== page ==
MORE SEVERE CASES

In more severe cases, a vertebral fusion may be necessary to permanently stabilize the segment affected by the fracture. This surgery can be performed by stages, in addition to the surgical stage for the placement of the screws, mentioned above, it may be necessary to place implants in the anterior part of the spine, which serve to completely or partially replace the vertebra fractured (corporectomy). 

In the case of a secondary tumor-related fracture, it may be necessary to remove the entire vertebra (vertebrectomy) for analysis, in which case the vertebra is replaced with an artificial one. In selected cases, just a biopsy will be taken instead of removing the whole vertebra, since there are some types of bone tumors that are treated with drugs (chemotherapy and/or radiotherapy).

Rarely, in cases of injury and/or other causes, urgent surgery is performed to avoid major complications, especially when there is direct compression on the neurological structures (medulla and/or nerves). In these cases, direct decompression of the affected structures may be necessary, performing a posterior laminectomy resection of the posterior elements of the vertebra). Decompression surgery with laminectomy is usually completed by stabilizing the segments with posterior screws with or without anterior support with an artificial vertebra.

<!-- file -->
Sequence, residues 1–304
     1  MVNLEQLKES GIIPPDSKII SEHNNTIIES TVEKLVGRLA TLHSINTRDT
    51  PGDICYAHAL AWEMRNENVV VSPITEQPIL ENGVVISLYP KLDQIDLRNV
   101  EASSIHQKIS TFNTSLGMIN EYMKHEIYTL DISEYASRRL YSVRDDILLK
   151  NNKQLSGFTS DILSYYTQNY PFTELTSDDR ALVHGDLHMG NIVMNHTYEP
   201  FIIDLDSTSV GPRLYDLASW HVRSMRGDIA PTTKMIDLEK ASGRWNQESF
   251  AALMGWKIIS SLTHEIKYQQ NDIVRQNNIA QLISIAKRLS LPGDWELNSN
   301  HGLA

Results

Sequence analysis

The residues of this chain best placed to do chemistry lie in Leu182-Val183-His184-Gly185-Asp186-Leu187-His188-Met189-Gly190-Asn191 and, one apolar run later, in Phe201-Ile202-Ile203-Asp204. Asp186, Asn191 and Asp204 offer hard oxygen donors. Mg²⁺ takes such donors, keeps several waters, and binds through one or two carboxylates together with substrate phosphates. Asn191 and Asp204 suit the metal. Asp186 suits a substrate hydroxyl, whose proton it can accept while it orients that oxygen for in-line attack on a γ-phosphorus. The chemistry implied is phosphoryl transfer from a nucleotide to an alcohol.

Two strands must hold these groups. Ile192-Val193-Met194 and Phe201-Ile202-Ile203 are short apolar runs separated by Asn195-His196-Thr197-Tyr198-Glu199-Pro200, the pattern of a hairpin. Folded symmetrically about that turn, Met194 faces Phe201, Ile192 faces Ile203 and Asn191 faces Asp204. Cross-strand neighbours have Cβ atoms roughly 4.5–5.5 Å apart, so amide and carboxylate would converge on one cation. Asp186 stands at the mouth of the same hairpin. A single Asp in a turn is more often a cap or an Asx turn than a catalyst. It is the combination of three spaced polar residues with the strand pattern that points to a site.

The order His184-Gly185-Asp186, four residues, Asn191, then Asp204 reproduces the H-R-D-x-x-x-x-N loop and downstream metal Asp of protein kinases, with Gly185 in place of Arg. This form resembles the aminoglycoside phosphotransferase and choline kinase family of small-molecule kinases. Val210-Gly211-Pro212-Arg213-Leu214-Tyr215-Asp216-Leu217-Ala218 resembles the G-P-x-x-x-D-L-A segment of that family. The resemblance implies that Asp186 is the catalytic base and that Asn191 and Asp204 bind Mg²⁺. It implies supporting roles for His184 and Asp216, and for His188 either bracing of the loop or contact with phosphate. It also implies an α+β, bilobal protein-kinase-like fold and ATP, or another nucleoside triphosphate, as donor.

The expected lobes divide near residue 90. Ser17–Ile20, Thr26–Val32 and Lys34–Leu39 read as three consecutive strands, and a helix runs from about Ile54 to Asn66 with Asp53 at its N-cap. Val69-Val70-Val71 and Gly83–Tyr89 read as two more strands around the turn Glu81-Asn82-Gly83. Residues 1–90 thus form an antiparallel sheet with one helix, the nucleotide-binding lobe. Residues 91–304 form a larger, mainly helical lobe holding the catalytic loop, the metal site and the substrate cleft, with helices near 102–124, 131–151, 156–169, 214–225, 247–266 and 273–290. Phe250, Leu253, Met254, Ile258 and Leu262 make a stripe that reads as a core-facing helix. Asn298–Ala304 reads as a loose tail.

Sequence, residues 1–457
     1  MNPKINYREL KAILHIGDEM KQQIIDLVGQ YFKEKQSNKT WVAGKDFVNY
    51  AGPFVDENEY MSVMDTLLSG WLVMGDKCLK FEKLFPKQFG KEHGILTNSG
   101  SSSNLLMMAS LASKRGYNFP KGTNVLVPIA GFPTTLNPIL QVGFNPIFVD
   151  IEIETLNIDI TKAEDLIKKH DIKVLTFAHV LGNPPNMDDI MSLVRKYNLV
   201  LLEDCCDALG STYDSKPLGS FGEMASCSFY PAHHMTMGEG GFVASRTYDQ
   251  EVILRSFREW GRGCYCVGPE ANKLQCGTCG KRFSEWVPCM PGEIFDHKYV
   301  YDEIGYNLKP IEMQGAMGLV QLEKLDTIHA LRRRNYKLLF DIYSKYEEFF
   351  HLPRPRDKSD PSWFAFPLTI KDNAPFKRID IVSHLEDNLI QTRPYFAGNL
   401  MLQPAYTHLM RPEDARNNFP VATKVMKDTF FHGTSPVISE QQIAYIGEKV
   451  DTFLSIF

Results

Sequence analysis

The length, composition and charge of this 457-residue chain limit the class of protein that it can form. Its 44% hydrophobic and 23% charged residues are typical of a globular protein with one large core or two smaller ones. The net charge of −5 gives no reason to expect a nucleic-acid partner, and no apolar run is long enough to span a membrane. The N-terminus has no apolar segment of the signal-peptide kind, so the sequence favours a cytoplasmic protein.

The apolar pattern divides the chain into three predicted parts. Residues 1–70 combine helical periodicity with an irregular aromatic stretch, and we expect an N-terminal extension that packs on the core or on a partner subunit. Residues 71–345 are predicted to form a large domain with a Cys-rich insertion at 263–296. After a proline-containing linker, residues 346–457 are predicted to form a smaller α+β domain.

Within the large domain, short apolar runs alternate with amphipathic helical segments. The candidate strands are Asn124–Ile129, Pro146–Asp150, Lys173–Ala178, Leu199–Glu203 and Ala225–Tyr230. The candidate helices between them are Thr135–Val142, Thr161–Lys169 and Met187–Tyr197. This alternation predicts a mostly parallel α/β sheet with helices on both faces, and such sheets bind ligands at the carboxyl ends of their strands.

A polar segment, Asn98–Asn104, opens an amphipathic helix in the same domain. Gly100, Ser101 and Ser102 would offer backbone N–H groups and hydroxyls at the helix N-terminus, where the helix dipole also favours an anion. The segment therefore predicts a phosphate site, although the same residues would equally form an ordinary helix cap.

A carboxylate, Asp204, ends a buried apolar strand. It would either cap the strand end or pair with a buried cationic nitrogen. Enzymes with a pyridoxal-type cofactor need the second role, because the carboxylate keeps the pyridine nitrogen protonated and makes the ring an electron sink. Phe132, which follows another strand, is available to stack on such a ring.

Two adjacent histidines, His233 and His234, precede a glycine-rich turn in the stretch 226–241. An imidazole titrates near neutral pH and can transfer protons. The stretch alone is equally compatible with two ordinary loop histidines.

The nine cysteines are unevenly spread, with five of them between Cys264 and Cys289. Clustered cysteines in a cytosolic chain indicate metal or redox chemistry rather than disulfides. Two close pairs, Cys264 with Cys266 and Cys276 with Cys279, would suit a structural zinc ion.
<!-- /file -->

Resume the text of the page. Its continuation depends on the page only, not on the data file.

Who are the doctors at Instituto Clavel who treat vertebral fractures?

Sources

  • Alpantaki et al., Thoracolumbar burst fractures: A systematic review of management.  Orthopedics. doi: 10.3928/01477447-20100429-24 
  • Sonali et al., Nonoperative versus operative treatment for thoracolumbar burst fractures without neurological deficit. A meta-analysis. Clinical Orthopedics and Related Research. DOI 10.1007/s11999-011-2157-7 
  • Siebenga et al., Treatment of Traumatic Thoracolumbar Spine Fractures: A Multicenter Prospective Randomized Study of Operative Versus Nonsurgical Treatment. SPINE Volume 31, Number 25, pp 2881–2890 
  • Blondel et al., Percutaneous management of thoracolumbar burst fractures: Evolution of techniques and strategy. Orthopaedics & Traumatology: Surgery & Research (2011) 97, 527—532 
  • Charles et al., Temporary Percutaneous Instrumentation and Selective Anterior Fusion for Thoracolumbar Fractures. SPINE Volume 42, Number 9, pp E523–E531 
  • Chu et al., Percutaneous Instrumentation Without Arthrodesis for Thoracolumbar Flexion-Distraction Injuries: A Review of the Literature. Neurosurgery 80:171–179, 2017 DOI:10.1093/neuros/nyw056 
  • Sebaaly et al., Percutaneous fixation of thoracolumbar vertebral fractures DOI: 10.1302/2058-5241.3.170026 
  • Barbagallo et al., Restoration of Thoracolumbar Spine Stability and Alignment
  • in Elderly Patients Using Minimally Invasive Spine Surgery (MISS). A Safe and Feasible Option in Degenerative and Traumatic Spine Diseases. DOI 10.1007/978-3-319-39546-3_11